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Camp Esperanza, the state-sanctioned homeless camp in Southeast Austin, opened in late 2019 and is home to approximately 150 people. (Jordan Vonderhaar)

After Austin voters passed Proposition B, reinstating a ban on public camping, City Council directed staff to look into possible sanctioned campsites where homeless residents could live legally. Now two members are asking to shelve discussion on the controversial topic.

Staff presented dozens of possible sanctioned campsites across each fo the 10 council districts in late May, following the election. But members mostly pushed back on the proposed locations, citing cost, wildfire risk and lack of transparency as concerns.

With updated criteria, staff recommended two sites—one in District 1 and the other in District 8—for further review last week. After being briefed on the options during Tuesday's work session, Mayor Pro Tem Natasha Harper-Madison, who represents District 1, and Council Member Paige Ellis, who represents District 8, issued a joint statement proposing "a pause" on further discussion of temporary sanctioned encampments.

"We are not convinced that these sites would be a cost-effective solution, but rather a band-aid tactic when we need to be supporting the long-term strategy to get folks off the street permanent," they said. "It is our responsibility to look at the situation holistically and objectively, and to spend out city's limited resources on solutions we know can work."

Homeless Strategy Officer Dianna Grey noted that the two locations were imperfect and would require a lot of time and money to outfit as sanctioned campsites during the briefing.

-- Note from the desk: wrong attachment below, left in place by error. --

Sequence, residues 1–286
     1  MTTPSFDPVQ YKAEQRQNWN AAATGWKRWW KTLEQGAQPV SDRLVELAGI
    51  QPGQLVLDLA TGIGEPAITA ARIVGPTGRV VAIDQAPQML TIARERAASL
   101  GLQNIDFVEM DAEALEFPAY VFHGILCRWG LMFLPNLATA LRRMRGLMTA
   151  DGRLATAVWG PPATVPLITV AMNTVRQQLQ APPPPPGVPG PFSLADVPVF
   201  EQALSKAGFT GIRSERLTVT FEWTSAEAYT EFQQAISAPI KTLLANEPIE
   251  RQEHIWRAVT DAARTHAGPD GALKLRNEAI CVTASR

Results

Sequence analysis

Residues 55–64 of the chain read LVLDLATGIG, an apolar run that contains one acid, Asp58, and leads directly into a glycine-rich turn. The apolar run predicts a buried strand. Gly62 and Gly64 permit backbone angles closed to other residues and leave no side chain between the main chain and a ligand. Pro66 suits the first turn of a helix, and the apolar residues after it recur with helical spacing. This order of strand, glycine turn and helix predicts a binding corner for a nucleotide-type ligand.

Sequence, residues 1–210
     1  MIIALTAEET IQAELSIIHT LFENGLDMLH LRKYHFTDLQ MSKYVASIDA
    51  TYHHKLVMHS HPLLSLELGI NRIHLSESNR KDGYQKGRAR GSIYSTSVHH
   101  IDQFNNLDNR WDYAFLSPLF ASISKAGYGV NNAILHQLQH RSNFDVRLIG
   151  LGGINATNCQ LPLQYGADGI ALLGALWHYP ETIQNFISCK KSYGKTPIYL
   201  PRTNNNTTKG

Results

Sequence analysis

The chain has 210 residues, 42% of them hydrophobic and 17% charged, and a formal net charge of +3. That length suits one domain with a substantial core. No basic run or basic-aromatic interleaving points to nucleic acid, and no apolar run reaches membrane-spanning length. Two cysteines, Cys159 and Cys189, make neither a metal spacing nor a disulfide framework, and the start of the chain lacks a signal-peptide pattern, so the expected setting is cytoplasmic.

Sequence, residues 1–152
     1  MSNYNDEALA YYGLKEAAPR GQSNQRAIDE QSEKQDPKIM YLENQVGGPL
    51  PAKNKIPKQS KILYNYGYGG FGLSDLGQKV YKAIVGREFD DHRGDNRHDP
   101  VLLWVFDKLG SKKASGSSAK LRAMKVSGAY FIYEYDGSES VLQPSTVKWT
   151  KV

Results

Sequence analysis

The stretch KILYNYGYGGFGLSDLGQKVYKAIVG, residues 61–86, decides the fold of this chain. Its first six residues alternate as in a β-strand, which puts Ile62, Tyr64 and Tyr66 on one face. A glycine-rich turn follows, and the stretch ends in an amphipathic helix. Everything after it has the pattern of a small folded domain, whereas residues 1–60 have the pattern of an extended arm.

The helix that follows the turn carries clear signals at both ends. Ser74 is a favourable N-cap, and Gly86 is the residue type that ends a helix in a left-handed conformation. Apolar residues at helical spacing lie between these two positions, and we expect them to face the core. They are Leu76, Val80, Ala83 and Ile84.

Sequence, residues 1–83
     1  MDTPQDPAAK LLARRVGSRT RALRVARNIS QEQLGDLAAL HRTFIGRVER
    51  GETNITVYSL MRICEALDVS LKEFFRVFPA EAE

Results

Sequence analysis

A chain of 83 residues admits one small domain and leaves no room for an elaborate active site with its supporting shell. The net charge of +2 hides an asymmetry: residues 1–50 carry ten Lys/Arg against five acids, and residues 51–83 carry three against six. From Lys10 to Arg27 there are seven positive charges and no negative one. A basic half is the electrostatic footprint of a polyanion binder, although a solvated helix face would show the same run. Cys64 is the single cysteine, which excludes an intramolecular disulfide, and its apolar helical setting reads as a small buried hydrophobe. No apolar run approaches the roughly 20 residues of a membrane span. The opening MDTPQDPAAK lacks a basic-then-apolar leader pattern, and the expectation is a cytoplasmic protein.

City staff and homeless experts have previously raised concerns about sanctioned encampments, saying they are expensive to maintain, challenging to manage and hard to close, even when intended to to be temporary.

In 2019, staff declined to make recommendations for such sites despite being directed by council to do so, citing 2018 guidance from the U.S. Interagency Council on Homelessness. "Neither authorized encampments nor parking areas provide housing for people experiencing homelessness," staff wrote in a memo. "Rather, each option detracts from the staff resources assigned to addressing this moral imperative."

But with Prop B being enforced and too few shelter beds and affordable units for the estimate unsheltered homeless population in Austin, the city is facing the same predicament that prompted District 9 Council Member Kathie Tovo to pursue possible sanctioned campsites in the first place: "When individuals in encampments ask where they should go, we need to have places to suggest," she said at a May 6 council meeting.


Janice Omadeke of The Mentor Method was one of five Black entrepreneurs in Austin to earn $100k from Gogle for her startup. (The Mentor Method/Facebook)

Five Austin companies joined Google's second Startups Black Founders Fund on Wednesday, earning $100,000 each as part of the $10 million initiative geared toward giving Black entrepreneurs access to funding for their startups.

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The Independent Citizens Redistricting Commission approved a draft district map Sept. 15 that looks much the same as the current map. (The Austin Bulldog)

A member of the Independent Citizens Redistricting Commission (ICRC) contacted council members asking for their home addresses despite a charter provision prohibiting the ICRC from considering such information in its mapping process, according to emails obtained by the Bulldog through a public information request.

Four council members or their staffers replied providing home addresses: Alison Alter, Paige Ellis, Mackenzie Kelly, and Leslie Pool, according to the emails dated August 9th to Aug. 17.

Read the full story at The Austin Bulldog here.


Austinites will once again be able to take a nonstop flight to London as Austin-Bergstrom International Airport resumes transatlantic travel this fall.

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